More and more youth are feeling comfortable coming out as a part of the LGBTQ community. But it still takes time for kids to recognize and process their own sexual orientation and gender identity. It can take even more time before they’re ready to tell anyone — particularly, their parents.
Still, sometimes parents will have a hunch. So if your son insists on wearing dresses or your daughter desperately wants her hair cut short, and you have a sense that it’s a sign of something more, what should you do?
Don’t Ask Your Kid If They’re Gay
You might be tempted to straight up ask your kid, says Kristin Russo, an LGBTQ advocate and co-founder of the organizations Everyone Is Gay & My Kid Is Gay. But you should resist this impulse. “We navigate our own relationship to our sexuality and our gender identity at a particular pace. And it’s not always one that might be observable from the outside,” she says.
As a child, Russo’s mom asked her many times if she was gay, and this confused her to no end. She wondered what about her behavior made her mom think she was queer. “I’ve also spoken to so many young people whose parents have asked them, and they weren’t ready to come out. So they lied instinctively,” she says. The children then had the double burden of telling their parents the truth about their sexuality when they had previously denied it.
This may not be the case for all parents. Andrew Zanevsky is Vice-President of the PFLAG Council of Northern Illinois, an organization that unites parents of LGBTQ children. His adult daughter came out to him as transgender several years ago, and it was unexpected for him. But if he had suspected it, he would have talked to her about it because they have such a close relationship. “I would directly say that if you happen to be LGBTQ, I want you to know that I love you no matter what, and you can always count on it. And you don’t have to say anything, but I just want you to know that,” he says.
Russo agrees that there are exceptions. “There’s always parents who just know that their kid needs like a tiny little push in a direction,” she says. “But usually, you want your kid to come to you with that information when they’re ready.”
Make it Clear You’re Pro-LGBTQ
Whether or not you suspect your child is part of LGBTQ community, make it clear that your household is inclusive of all sexualties and genders and that you will love and accept your child if they do happen to be gay or trans. Because you can’t always guess whether your child is queer.
There are many ways to make this clear. A great one is to build an inclusive library. Buy children’s books with LGBTQ characters. While you’re at it, stock your library with other types of inclusive books too. “Make sure that the books that those kids are reading from the moment that they’re toddlers include families of all identities and shapes and sizes and classes and races,” Russo says. You can also choose TV shows and movies with queer and trans characters, like Star vs. the Forces of Evil and Steven Universe.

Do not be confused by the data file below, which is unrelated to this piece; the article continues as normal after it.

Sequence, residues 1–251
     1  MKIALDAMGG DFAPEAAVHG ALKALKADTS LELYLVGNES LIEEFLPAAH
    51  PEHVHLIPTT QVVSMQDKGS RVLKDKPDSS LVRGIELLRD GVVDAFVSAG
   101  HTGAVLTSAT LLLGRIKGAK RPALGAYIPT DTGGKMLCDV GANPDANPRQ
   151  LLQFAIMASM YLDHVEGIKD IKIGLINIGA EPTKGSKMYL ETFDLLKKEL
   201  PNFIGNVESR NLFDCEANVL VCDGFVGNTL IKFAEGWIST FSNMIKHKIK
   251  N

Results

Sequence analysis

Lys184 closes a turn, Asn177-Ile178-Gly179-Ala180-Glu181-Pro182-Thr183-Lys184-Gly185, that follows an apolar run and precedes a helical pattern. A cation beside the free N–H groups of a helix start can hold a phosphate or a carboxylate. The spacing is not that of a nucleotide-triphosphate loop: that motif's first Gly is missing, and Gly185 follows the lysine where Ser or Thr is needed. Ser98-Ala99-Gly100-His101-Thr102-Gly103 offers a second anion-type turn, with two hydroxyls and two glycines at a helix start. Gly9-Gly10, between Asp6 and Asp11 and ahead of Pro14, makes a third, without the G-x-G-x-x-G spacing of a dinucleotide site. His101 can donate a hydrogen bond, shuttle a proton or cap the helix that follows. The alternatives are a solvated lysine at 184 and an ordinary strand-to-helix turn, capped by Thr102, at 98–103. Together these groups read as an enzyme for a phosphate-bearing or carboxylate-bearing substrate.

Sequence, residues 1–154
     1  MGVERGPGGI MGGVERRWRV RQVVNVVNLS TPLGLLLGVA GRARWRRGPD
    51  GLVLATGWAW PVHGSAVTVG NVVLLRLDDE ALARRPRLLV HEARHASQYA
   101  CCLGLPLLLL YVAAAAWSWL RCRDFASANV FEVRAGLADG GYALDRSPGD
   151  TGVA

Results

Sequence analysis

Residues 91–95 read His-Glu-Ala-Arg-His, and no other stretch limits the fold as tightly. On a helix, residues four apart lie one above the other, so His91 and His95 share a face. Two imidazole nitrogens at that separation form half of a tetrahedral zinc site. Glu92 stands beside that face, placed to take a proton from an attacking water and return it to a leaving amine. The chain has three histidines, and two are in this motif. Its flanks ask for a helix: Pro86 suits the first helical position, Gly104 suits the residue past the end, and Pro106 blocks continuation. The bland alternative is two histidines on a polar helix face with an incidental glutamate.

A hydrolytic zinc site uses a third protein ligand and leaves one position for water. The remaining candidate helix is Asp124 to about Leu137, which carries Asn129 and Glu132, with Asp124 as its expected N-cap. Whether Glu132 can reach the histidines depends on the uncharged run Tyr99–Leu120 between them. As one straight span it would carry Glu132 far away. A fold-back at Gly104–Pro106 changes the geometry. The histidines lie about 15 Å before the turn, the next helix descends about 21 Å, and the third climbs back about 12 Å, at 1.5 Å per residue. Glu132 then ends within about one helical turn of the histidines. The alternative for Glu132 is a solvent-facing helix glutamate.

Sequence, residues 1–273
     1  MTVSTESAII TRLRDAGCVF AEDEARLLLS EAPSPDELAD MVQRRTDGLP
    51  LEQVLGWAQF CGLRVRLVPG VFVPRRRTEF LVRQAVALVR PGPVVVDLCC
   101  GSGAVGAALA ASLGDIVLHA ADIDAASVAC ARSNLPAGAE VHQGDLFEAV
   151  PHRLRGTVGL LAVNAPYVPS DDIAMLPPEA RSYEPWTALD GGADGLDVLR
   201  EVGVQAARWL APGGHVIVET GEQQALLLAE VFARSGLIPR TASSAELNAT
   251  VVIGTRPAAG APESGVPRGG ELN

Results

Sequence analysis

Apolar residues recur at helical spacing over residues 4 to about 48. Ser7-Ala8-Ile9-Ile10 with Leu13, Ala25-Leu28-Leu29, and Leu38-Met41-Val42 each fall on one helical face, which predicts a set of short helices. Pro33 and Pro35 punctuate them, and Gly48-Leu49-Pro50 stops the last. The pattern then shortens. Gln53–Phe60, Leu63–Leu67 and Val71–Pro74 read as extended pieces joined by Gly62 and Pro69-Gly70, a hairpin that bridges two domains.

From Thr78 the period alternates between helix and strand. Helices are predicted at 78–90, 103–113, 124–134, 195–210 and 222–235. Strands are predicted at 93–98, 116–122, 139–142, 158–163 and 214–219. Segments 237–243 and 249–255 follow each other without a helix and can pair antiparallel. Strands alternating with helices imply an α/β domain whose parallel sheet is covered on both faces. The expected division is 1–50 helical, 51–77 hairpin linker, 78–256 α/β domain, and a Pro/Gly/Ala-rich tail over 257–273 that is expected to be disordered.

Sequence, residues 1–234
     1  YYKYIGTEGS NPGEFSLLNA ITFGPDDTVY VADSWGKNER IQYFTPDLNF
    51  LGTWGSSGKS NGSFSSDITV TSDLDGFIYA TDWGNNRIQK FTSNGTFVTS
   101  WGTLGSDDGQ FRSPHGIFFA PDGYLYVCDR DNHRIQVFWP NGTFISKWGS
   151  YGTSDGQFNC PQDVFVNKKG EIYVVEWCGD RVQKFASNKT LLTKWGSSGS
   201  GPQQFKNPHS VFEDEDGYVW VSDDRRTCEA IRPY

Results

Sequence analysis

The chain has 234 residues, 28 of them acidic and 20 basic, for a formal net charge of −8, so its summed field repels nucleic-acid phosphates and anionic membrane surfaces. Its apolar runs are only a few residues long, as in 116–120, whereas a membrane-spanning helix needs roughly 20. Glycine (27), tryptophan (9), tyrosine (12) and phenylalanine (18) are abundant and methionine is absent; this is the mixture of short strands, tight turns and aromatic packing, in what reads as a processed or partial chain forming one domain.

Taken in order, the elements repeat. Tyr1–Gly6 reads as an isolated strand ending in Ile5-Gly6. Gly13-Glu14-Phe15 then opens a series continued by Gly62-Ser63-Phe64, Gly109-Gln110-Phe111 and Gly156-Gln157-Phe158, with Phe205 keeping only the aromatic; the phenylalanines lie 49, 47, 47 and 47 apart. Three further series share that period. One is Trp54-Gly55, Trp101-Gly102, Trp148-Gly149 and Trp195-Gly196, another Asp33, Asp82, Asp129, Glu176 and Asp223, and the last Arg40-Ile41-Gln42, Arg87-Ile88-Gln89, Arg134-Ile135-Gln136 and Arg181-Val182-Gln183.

Another method is to comment on events in the news that affect the LGBTQ community. You don’t have to have a sit-down talk; offhand comments can get the job done, such as how glad you are that an LGBT-affirming law was passed.
Take your child to Pride events every year. Usually they are held in June, but some local areas may hold them at other times of the year. No one in your family has to be LGBTQ to attend. Attending Pride — either a parade in your city or smaller events throughout the month — shows that you not only support the queer and trans communities, but that you celebrate them. Go as allies to teach values of acceptance to your kid, whether they end up being a part of the community or not.
It can be difficult for anyone to figure out their unique style and what makes them comfortable in their own skin, Russo says. If your kid knows how they want to express themself, you should celebrate that. Whether your child wants to cut their hair short or only wants to wear dresses, support them, no matter the sex they were assigned at birth.
However, it may not always be safe for children to express themselves how they want outside of the home. Depending on what your community or school is like, there may be real danger for a child who is gender non-conforming. If that’s the case, talk to your kid about the risks, Russo says, but don’t discourage their self-expression. Just make sure they understand the dynamics at play. And if they decide to blend in in the outside world, welcome and encourage them to be whoever they want to be at home.
Do your research on the LGBTQ community so you can be a good ally, whether that ends up being to your child or to someone else in your life. Make sure you understand how to use they/them pronouns, what terms like “cisgender” and “non-binary” mean, and how gender is different from sexuality. Educating yourself now is important so that you can have an informed conversation with your child if they do come out to you. There are many resources for parents available online, such as those from The Trevor Project and Gender Spectrum.
If your child does come out, don’t rely solely on them for your information on the LGBTQ community. This can place an undue burden on your kid when what you’re looking for can probably be found on Google. Russo especially recommends checking out local community groups for parents of queer and trans kids. Local PFLAG chapters, such as the one Zanevsky is a part of, are a great option.
When so many children are rejected by their parents for being gay or trans, there can be a lot of pressure to create the perfect, nurturing environment for your potentially LGBTQ kid. But what it really comes down to is being a loving and supportive parent, and openly showing that. It comes down to being a good ally. And if you do that, your kid will tell you when they’re ready.